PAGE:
Lights out for the Social
After an almost seven year run, the Social closed its doors for the last time on Monday night (well, actually, early Tuesday morning). Opened in 2005, the nightclub hosted some of the biggest international names in electronic music over the years. Perhaps more importantly, for many of Toronto's local DJs and producers, playing a set at the Social was a kind of rite of passage on their way to bigger things. Some of Toronto's most talented DJs played memorable sets at the Social, including Crystal Castles, MSTRKRFT, AutoErotique and Barletta (to name a scant few).
Citing a demographic shift in the neighbourhood, the owners of the Social have decided to convert the space into a pub, which one suspects will do quite well at Queen and Dovercourt. Toronto's often fickle nightclub crowd was, of course, already beginning to move to new venues, but it's worth mentioning that the club's Saturday and Monday nights were still packed week after week. The desire to alter course most likely also had to do with the fact that throughout the life of the venue the club's ownership had tried to obtain an Entertainment Facility license, but the City never played ball.
All is not lost, however. For those who loved the scene at the Social â and this is a place that had just as many detractors as it did supporters â one of the Social's owners, Richard Lambert, has already partnered with promotion giant Embrace to open a new night club at 69 Bathurst Street called the Hoxton, which will be officially up and running on August 6th. The new space has the capacity to host over 800 people and a stage that will allow it to attract more than just DJ acts. Not only that, the Hoxton already has the much-coveted EF license Lambert was looking for at the Social.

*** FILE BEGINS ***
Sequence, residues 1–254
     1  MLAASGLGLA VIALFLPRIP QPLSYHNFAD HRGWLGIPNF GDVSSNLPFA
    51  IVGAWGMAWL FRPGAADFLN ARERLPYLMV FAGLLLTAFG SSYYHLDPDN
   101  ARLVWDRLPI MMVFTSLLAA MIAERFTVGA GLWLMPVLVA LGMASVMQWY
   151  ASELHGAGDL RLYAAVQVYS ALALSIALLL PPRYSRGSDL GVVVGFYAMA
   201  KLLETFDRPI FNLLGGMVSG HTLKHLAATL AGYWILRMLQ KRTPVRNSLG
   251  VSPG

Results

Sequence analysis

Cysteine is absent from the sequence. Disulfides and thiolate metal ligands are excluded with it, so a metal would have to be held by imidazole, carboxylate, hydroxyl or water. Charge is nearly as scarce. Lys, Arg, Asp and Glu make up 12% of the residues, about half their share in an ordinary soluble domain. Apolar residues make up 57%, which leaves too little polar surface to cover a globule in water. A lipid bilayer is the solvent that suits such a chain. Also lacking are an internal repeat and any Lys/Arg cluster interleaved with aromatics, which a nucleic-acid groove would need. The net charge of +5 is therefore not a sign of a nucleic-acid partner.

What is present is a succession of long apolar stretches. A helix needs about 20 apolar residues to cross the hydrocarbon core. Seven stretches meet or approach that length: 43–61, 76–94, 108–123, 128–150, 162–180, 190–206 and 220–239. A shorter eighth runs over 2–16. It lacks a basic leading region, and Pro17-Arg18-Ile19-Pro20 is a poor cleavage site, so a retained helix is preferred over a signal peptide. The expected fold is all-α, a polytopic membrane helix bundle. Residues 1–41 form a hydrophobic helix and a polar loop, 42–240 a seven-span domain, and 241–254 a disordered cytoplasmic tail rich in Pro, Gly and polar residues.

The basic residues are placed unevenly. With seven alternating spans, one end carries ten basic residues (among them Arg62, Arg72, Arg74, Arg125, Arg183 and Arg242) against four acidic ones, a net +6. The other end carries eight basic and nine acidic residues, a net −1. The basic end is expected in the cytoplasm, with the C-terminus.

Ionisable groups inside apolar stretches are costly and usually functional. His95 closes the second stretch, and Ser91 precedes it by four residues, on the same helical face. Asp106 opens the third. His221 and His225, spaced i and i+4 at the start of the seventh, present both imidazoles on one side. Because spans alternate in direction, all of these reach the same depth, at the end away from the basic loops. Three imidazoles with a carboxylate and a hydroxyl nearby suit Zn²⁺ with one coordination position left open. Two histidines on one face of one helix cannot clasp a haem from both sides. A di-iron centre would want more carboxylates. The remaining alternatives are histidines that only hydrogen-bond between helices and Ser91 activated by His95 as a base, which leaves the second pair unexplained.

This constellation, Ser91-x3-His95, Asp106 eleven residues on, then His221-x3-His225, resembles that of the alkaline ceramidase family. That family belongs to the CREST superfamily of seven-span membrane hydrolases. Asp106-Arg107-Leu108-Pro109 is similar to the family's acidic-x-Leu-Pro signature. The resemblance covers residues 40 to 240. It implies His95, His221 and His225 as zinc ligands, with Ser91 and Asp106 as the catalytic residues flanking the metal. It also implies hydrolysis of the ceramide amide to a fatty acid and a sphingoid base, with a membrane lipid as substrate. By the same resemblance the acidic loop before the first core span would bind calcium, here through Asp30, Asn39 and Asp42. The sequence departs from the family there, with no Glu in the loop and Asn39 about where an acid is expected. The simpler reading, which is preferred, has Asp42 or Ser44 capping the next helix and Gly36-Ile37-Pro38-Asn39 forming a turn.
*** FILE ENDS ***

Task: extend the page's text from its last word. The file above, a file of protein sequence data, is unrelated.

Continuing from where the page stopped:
That being said, both Embrace and Lambert have a significant challenge ahead of them. The Hoxton space has previously been home to two night clubs: State Theatre and Sixty9, both of which were unequivocal busts.
Still, it takes a savvy business sense to run a nightclub for any significant amount of time in Toronto. This is, after all, the city that took dreams of one of the of the biggest and most successful North American club magnates and punched a hole in them. And although Embrace certainly has the clout and ability to book the international acts that will fill the venue, I worry how local DJs and bands will fare under this new setup.
For its part, Embrace seems to be making a play to consolidate all of its weekly bookings under one roof. To put the move in perspective, Embrace handles the majority of international electronic bookings that happen in this city. For instance, some of the events the company currently runs are Digital and Arcade Fridays, with which most people with even a passing interest in electronic music should be familiar. So, for better or worse, this is likely to become a crucial venue for electronic artists coming up the ranks.
I imagine news of the Social's closure will be met with both cheers and indifference, depending on who you talk to. But for a certain sub-culture of Toronto's population that visited the club frequently, this is likely going to seem like the end of an era. And whether its successor lives up to the Social's legacy remains to be seen.
Lead photo by Eugen Sakhnenko / second by Arieh Singer
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